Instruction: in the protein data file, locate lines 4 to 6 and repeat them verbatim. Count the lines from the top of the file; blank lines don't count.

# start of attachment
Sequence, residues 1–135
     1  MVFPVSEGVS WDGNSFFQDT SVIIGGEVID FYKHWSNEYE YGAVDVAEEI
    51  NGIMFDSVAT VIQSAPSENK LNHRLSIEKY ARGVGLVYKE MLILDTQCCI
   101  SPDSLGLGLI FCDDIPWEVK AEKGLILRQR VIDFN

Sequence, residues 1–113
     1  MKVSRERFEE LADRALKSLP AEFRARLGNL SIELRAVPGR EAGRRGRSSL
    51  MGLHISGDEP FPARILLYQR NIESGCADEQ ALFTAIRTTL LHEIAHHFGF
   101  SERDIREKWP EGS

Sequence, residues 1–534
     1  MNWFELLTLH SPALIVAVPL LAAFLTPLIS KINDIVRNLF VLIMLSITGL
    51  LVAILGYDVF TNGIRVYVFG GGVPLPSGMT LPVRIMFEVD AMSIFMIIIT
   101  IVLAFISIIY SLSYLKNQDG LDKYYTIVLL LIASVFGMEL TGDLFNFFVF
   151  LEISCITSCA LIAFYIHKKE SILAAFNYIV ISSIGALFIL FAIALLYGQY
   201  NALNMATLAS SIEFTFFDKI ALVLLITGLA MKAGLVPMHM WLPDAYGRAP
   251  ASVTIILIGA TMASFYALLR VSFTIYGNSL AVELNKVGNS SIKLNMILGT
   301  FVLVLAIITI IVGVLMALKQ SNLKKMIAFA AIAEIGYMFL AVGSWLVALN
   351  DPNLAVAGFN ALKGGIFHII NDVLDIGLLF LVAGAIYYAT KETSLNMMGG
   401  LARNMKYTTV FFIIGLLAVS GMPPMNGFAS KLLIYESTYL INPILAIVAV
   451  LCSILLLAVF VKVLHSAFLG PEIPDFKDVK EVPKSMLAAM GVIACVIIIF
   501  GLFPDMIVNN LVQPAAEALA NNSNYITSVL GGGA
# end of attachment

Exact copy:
   101  SPDSLGLGLI FCDDIPWEVK AEKGLILRQR VIDFN

Sequence, residues 1–113
     1  MKVSRERFEE LADRALKSLP AEFRARLGNL SIELRAVPGR EAGRRGRSSL